Q. Just wondering what the weight would be per sqm for radiata pine at 60mm thickness?

Like all timbers radiata pine varies in density, with New Zealand-grown timber lighter in weight on average. Australian Standard AS 1720.2-2006, "Timber Structures, Part 2: Timber Properties" gives a figure of 550 kg/m³ as the design density for Australian-grown radiata pine. Using this figure, timber 60 mm thick would weigh 550 x 0.06 = 33 kg/m².

Q. I am trying to lift flooring on a house we are renovating. It is mdf with a veneer or laminate cover. It is difficult to get off our nice timber floorboards trapped underneath this stuff that has been nailed and glued down. We are now pouring hot water on it to see if that will help. Any tips?

It's a pity they nailed AND glued because if the glue has achieved a strong bond there's a risk that the surface of the floorboards will be damaged when you pull the MDF off, so proceed gently. This is a bit outside our field of expertise, but heat could help, depending what sort of glue it is. You could try hot water as a means of softening the glue, but you don't want to saturate the boards underneath. A heat gun might be better, if the heat will penetrate through the MDF, as this would avoid water damage. You might also see whether one of the adhesive companies has some advice. For example, Selleys have a customer help line on 1300 555 205.

Q. I have a warehouse that I want to demo the fire marshal told me that the timbers in there are worth some money. 90000 sq. warehouse with maybe 400 to 500 18ft timbers.

Old timbers are often valuable on account of their large size relative to what is available today. In some cases it's also better quality and of course it will be nice and dry. If you are looking to market the timbers in the US you can find some commercial buyers by searching "reclaimed wood" or "reclaimed lumber" on the net.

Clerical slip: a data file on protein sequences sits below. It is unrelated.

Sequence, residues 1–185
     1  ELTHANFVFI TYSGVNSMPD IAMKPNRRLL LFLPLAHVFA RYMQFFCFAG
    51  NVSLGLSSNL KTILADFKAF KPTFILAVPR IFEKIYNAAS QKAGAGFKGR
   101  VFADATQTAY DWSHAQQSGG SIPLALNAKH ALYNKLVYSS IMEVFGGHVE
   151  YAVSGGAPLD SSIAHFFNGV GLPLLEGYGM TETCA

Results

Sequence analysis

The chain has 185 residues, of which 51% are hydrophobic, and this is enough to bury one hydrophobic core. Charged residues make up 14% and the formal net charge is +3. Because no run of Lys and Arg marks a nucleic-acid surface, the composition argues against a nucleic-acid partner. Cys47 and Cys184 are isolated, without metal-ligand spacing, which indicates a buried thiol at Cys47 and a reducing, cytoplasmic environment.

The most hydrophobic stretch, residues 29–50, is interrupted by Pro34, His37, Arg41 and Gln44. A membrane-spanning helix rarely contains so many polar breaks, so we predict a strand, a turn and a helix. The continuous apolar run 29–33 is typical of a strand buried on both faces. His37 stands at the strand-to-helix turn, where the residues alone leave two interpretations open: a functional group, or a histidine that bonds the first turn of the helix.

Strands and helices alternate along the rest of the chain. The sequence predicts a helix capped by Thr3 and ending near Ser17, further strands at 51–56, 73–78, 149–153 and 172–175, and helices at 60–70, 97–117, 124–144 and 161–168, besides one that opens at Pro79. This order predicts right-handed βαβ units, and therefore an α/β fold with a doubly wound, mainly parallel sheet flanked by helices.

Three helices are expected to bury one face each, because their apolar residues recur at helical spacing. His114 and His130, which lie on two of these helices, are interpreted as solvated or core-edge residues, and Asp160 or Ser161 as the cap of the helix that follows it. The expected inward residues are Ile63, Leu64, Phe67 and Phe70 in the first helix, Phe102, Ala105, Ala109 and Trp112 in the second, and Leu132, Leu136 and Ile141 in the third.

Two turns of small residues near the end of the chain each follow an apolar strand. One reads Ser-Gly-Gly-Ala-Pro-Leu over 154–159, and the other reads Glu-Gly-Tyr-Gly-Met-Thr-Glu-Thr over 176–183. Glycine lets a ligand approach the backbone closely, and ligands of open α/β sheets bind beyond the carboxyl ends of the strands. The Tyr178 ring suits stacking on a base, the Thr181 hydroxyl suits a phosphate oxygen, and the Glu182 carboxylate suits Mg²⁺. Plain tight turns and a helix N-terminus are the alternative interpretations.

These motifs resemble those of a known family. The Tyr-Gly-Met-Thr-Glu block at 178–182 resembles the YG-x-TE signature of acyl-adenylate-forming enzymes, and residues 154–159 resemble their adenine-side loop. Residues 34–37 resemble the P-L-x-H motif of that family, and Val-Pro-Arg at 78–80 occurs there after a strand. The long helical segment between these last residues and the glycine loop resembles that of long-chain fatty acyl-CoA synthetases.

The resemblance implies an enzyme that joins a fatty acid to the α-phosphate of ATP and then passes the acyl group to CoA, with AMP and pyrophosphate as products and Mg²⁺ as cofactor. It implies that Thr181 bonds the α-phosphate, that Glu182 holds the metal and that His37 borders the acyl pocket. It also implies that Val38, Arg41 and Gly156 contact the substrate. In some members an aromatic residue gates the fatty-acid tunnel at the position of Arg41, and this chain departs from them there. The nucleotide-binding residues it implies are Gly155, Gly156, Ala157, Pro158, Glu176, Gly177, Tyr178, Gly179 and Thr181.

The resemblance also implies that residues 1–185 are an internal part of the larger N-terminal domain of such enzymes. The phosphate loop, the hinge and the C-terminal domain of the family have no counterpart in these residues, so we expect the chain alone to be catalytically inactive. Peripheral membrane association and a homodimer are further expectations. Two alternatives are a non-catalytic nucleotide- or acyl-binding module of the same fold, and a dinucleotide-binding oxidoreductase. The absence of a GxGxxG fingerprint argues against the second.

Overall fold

Q. Do you know of any Sydney or NSW based importer of Brazilian timber?

Your best source for this information would be the Australian Timber Importers' Federation (ATIF). They have a website at where you will find contact details by clicking on the "Contact Us" tab.

Q. 4 types of non fired bricks and the characteristics of each type and why they are mainly used?

You've contacted a timber advisory service and I'm afraid we don't have any specialised knowledge about bricks. It would be best to address your question to the Clay Brick & Paver Institute. They have a website at

Q. I was just wondering whether and where it is possible to source large pieces of bark, as in a large cylindrical sheet, similar to that of a traditional bark canoe. Should I speak to a veneer manufacturer?

Obviously not all kinds of bark are suitable for making a canoe. The bark of the stringybark tree (Eucalyptus obliqua) seems to have been favoured in Australia although other kinds of bark were used in other countries, depending on what was locally available. There is a good explanation of the process in the Sydney Morning Herald of August 2010 - refer this link I'm afraid we don't know of a source of bark, although it might be possible to obtain some from a country sawmill that processes stringybark logs.

Q. I hoping someone will be able to advise me on the best way to remove glue from timber stairs. The treads were covered in vinyl and the glue residue has remained when the tiles were removed. I'm hoping to polish the treads when all the glue has been removed. The glue would be about 40 years old.

Mineral turpentine should do the job as long as you don't have the old black asphaltic adhesive. The latter is likely to be dissolved by turps but then soak into the wood leaving a black stain. There is quite a lot of good information on the net, logged by people who have tried various methods of removing glue, so we won't bother repeating all that they have to say here. As a starting point, log onto this website


Did you know?

Australia’s 1.9 million hectares of timber plantations produce about two-thirds of the timber products consumed by Australians each year.